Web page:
Research in our lab seeks to bring the power of modern synthetic organic chemistry to bear on problems in biology and medicine. The main focus of our research involves synthesis of organic compounds that are biologically interesting. This is followed by mode of action studies to gain insights to the biological functions of these natural products and the molecular basis of the biological processes involved. We are interested in:
Natural product total synthesis: The complexity and structure diversity of natural products have been major inspirations for innovations since the dawn of organic chemistry. Natural products are also invaluable as tools for biological investigations and as platforms for drug developments. Our interest in natural product total synthesis follows these two historic lines. Firstly, we are interested in using natural product total synthesis as the tool to test the limits of contemporary organic synthesis and as a source of inspiration for developing innovative synthetic methods/strategies to move beyond these boundaries. The synthesis also provides access to bioactive natural products, thus enables detailed mechanistic studies of their biological functions and provides opportunities for biological discoveries.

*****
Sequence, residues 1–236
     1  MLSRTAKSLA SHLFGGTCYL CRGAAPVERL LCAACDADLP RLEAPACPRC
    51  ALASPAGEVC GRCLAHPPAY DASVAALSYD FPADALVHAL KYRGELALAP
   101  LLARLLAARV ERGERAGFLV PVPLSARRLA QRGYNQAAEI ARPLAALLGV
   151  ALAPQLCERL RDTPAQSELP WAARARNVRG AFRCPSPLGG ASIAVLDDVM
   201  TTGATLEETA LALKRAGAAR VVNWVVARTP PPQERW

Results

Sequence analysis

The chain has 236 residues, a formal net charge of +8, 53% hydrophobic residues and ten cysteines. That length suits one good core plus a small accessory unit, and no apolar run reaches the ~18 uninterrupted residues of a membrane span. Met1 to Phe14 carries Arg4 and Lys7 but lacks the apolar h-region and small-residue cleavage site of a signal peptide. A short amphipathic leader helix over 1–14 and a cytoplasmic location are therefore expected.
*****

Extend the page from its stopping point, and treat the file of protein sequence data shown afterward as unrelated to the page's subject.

Synthetic methodologies: The synthesis of complex natural products requires efficient chemical transformations. To this end, our lab is interested in the design and development of enantioselective organocatalytic reactions, transition metal-mediated transformations, and domino processes for rapid assembly of complex molecules.
Identification of small molecule probes for biological studies: Selective modulation of biological systems by small molecules has become a powerful method for biological studies. It complements genetic analysis by allowing access to biological space that is not accessible before. In this research area, our lab is interested in identifying small molecule regulators of important biological processes by high-throughput screening and rational design. These small molecules will be used as probes to help to define the molecular basis of biological processes.